Suffering a personal injury can impact your life in many ways including post-traumatic stress disorder. Depending on the circumstances of your accident, you may suffer ongoing emotional trauma that affects your ability to respond rationally to triggers.
PTSD can impact your personal relationships, your self-confidence and even your ability to work. If you can no longer work because of debilitating anxiety, you may need to seek professional help as you continue to heal and recover.
Collaborate with your employer
Especially in the weeks and months immediately following your accident, you may need to collaborate with your employer to discuss modifications to your responsibilities. According to Psychology Today, PTSD can cause a number of complications including the following:
- Gastrointestinal disorders
- Memory lapses
- Social phobias
- Irrational fear
Each of these conditions can interfere with your ability to focus at work or participate in group initiatives in the workplace. You may have the option of negotiating with your employer to discuss the possibility of telecommuting or working on a modified schedule while you implement resources to help you overcome your PTSD.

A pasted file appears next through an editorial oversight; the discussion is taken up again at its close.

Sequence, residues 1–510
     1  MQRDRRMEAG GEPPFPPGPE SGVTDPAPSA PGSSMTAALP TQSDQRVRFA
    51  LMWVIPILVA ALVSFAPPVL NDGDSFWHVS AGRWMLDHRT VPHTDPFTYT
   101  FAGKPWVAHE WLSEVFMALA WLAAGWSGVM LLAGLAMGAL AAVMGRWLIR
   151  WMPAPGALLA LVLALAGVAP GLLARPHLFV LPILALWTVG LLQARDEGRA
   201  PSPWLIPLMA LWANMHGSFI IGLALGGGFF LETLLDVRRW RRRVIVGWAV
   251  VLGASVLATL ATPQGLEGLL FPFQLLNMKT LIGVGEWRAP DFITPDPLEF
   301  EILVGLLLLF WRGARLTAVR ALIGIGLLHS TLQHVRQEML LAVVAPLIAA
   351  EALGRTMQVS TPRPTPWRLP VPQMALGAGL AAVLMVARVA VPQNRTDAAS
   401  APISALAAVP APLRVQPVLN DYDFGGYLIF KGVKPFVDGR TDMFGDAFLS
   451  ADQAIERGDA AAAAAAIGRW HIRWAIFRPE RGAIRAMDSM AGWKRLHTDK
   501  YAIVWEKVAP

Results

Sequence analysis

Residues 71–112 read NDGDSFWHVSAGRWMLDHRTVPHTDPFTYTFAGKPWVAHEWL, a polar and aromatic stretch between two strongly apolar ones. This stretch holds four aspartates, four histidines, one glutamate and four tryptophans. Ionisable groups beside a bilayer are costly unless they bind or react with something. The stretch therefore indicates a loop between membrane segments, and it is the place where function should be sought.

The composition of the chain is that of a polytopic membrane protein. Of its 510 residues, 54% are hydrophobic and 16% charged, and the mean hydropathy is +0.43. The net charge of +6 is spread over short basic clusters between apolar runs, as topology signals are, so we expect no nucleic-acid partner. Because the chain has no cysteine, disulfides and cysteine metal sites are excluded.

Prioritize your needs
Taking care of yourself is more important right now than ever before. Make sure you have ample rest each night, at least 8 hours of uninterrupted sleep. Drink plenty of water and make sure you eat balanced, nutritious meals. Do something active every day and try to participate in social situations.
Implement therapy to help you learn how to handle situations that may trigger your PTSD. You may even need to take medication to facilitate your emotional response as you continue to recover. If your injuries and PTSD were the results of another person’s negligence, you may choose to file a lawsuit for compensatory damages.